My colleagues had not even replied, except one who was convinced that it would not work. There was no point in trying to convince anybody. Fortunately the management supported me, and we went through the many steps that it takes to build a new theatre. Just before that I was allowed to run a pilot scheme, hijacking a second theatre for my Thursday morning list. I would operate in one theatre while the next patient was being prepared in the second theatre. In six months my waiting time fell from one year to a few weeks.
It took another three years before I could finally run regular “dual lists.” Finally I was operating in the way I wanted to. Bliss! We measured the “surgeon's utilisation” going up from 50% to 95%.
In 2005 I had no waiting list and I started operating on my colleagues' patients. In November I won a Medical Futures award, and finally my story could become public, for any other UK hospital to observe and emulate. Television crews came to our theatres, which became temporarily known as “studio 1” and “studio 2.” I never had so many senior house officers assisting me. We were also visited by a television = crew from TF1, a national French channel. When I asked why they were interested they said that they often reported on the NHS but that it was usually bad news; for once they wanted to report good news.
In January 2006 I was invited to meet the then prime minister, Tony Blair, who, asking, “Do they pay you more than other surgeons?” was surprised that I wasn't.
The flocks of surgeons who were supposed to come and see how you can more than double the number of operations did not materialise. But my trust remained delighted with the results and, at the beginning of 2007, half of the patients in my operating sessions were drawn from other surgeons' waiting lists. One thing did happen. I did not pay much attention to it because I expected it but later came to realise how important it was: my income from private practice was halved.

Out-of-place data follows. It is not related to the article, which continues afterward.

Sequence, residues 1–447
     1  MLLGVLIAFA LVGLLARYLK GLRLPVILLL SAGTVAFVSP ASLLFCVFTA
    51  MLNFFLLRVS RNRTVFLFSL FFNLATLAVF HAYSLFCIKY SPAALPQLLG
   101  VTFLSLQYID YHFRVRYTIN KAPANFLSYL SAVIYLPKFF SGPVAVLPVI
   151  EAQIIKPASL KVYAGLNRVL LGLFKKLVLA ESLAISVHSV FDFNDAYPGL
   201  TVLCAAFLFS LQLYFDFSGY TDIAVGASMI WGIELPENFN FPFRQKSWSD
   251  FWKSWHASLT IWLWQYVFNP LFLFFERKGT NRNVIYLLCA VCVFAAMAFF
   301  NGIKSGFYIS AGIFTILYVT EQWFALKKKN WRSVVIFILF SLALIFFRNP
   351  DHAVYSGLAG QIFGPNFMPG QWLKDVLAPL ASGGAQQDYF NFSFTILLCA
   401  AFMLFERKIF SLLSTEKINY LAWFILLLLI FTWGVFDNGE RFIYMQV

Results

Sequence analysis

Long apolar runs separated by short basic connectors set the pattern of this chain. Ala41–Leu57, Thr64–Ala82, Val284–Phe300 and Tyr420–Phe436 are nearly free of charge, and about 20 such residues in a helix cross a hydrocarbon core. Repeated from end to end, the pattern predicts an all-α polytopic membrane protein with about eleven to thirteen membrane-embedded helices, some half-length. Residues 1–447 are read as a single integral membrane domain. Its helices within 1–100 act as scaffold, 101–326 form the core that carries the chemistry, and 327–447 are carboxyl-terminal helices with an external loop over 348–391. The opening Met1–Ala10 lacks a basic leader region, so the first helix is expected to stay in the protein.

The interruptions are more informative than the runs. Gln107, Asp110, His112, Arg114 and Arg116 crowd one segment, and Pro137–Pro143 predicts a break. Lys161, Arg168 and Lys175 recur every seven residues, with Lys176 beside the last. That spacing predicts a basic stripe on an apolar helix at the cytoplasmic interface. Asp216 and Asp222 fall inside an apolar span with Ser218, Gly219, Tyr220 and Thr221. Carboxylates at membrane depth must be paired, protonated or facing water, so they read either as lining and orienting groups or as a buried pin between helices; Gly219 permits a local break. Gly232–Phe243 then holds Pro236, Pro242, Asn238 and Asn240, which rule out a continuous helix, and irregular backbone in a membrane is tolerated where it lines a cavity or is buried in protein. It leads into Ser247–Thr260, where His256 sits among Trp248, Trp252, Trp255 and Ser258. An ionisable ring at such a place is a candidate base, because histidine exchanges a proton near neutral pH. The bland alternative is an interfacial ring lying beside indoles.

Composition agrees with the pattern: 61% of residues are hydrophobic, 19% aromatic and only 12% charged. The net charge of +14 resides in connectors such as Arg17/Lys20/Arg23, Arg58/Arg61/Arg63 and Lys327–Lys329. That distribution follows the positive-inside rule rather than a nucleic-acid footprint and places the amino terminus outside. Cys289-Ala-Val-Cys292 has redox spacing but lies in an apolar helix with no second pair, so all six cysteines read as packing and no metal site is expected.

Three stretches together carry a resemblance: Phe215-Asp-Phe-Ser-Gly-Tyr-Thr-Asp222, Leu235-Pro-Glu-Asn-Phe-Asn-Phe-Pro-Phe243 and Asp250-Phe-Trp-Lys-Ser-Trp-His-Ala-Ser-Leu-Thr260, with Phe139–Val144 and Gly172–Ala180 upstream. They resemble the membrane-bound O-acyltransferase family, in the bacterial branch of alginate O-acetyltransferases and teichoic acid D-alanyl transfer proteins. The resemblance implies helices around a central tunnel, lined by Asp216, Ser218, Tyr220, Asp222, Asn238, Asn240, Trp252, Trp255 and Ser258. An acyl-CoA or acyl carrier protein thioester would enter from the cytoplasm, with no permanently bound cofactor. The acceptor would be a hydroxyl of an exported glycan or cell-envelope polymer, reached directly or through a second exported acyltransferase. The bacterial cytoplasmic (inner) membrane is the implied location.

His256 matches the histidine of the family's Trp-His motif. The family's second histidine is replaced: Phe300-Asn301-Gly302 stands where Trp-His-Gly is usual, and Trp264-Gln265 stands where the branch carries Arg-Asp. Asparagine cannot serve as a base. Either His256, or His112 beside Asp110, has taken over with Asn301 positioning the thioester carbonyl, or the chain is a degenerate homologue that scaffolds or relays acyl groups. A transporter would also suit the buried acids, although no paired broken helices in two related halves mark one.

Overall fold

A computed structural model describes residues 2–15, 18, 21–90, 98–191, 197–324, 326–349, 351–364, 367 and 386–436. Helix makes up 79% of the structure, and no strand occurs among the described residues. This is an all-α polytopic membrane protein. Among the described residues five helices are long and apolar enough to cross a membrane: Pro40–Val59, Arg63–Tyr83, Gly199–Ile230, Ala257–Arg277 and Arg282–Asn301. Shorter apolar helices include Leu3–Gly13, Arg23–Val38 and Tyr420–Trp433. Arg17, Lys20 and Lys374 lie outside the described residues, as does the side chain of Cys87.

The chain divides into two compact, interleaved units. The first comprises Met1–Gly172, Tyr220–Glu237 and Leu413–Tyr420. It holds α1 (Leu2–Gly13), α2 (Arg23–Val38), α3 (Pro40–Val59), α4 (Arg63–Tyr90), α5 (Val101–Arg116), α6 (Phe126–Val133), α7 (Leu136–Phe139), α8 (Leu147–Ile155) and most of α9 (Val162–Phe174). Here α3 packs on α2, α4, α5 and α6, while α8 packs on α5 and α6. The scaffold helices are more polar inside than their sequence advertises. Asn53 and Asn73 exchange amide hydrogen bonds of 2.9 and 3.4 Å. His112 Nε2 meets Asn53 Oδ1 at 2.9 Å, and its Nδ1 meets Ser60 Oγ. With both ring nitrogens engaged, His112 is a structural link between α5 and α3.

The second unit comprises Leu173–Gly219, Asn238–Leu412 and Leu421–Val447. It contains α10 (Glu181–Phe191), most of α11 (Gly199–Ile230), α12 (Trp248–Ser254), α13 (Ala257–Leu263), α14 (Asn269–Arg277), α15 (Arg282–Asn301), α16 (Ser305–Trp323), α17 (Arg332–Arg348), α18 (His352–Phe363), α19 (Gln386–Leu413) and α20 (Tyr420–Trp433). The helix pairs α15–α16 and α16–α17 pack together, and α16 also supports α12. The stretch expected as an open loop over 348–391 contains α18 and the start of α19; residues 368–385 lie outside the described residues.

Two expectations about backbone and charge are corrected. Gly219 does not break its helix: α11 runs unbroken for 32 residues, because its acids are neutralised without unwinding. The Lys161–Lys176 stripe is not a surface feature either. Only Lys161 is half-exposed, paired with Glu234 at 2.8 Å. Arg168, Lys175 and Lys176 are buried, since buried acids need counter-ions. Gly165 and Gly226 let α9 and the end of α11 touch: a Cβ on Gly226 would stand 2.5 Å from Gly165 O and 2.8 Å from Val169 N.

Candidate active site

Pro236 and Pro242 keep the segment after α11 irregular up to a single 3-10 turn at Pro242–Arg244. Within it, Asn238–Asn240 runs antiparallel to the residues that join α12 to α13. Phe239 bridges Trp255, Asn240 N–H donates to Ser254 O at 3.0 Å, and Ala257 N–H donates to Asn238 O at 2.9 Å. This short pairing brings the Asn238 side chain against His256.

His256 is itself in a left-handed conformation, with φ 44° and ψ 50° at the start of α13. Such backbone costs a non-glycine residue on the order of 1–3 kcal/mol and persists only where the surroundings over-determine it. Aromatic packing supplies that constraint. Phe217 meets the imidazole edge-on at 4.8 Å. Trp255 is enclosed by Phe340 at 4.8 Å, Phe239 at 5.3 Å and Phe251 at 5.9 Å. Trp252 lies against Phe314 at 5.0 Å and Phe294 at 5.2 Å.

I do not blame my colleagues for not showing much interest in my work, although I could do without the reputation of being one who does “conveyor belt surgery.” Why should they work harder for less money? Perhaps the government should try to create incentives to get rid of the widespread inefficiency in the NHS. Any health system can work only if the health professionals want to make it work. It's the job of politicians to make them want it.
As for me, all I wanted was to give the NHS good value for money and to prove a point. Next week I am moving to Switzerland. I shall certainly have a job explaining to the Swiss what surgical waiting lists are.
I had to translate from English to explain to my French wife what “waiting list” meant. “Liste d'attente.” She was horrified.